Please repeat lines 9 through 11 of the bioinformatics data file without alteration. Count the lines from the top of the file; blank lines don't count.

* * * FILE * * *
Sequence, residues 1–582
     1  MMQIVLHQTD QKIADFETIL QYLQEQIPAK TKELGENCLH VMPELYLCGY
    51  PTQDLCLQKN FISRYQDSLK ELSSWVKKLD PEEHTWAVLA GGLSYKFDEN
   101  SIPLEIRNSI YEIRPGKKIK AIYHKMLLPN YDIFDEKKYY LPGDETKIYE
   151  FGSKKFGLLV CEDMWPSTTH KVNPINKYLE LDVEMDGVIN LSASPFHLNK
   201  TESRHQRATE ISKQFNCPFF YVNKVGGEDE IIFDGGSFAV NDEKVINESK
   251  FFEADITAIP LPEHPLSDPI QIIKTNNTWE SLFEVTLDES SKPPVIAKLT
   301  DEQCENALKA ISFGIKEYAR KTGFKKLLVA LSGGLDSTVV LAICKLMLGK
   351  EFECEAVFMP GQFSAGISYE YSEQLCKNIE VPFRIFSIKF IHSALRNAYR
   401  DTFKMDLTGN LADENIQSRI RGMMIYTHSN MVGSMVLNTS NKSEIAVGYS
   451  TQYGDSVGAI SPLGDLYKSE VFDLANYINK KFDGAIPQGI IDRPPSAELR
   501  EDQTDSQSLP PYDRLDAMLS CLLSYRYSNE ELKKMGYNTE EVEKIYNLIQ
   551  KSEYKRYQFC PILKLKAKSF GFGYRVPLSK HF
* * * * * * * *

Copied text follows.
   351  EFECEAVFMP GQFSAGISYE YSEQLCKNIE VPFRIFSIKF IHSALRNAYR
   401  DTFKMDLTGN LADENIQSRI RGMMIYTHSN MVGSMVLNTS NKSEIAVGYS
   451  TQYGDSVGAI SPLGDLYKSE VFDLANYINK KFDGAIPQGI IDRPPSAELR